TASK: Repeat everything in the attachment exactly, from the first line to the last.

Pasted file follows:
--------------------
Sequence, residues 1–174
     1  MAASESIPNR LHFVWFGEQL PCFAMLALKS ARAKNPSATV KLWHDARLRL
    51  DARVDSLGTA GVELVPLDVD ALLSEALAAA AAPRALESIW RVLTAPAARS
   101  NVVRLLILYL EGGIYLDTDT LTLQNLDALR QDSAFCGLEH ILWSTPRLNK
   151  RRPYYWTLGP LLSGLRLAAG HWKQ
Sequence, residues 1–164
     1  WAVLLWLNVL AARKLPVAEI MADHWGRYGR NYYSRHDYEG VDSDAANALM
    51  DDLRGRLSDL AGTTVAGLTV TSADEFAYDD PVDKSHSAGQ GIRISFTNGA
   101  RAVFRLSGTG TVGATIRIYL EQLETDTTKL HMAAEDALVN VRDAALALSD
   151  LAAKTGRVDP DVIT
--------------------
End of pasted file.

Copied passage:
Sequence, residues 1–174
     1  MAASESIPNR LHFVWFGEQL PCFAMLALKS ARAKNPSATV KLWHDARLRL
    51  DARVDSLGTA GVELVPLDVD ALLSEALAAA AAPRALESIW RVLTAPAARS
   101  NVVRLLILYL EGGIYLDTDT LTLQNLDALR QDSAFCGLEH ILWSTPRLNK
   151  RRPYYWTLGP LLSGLRLAAG HWKQ
Sequence, residues 1–164
     1  WAVLLWLNVL AARKLPVAEI MADHWGRYGR NYYSRHDYEG VDSDAANALM
    51  DDLRGRLSDL AGTTVAGLTV TSADEFAYDD PVDKSHSAGQ GIRISFTNGA
   101  RAVFRLSGTG TVGATIRIYL EQLETDTTKL HMAAEDALVN VRDAALALSD
   151  LAAKTGRVDP DVIT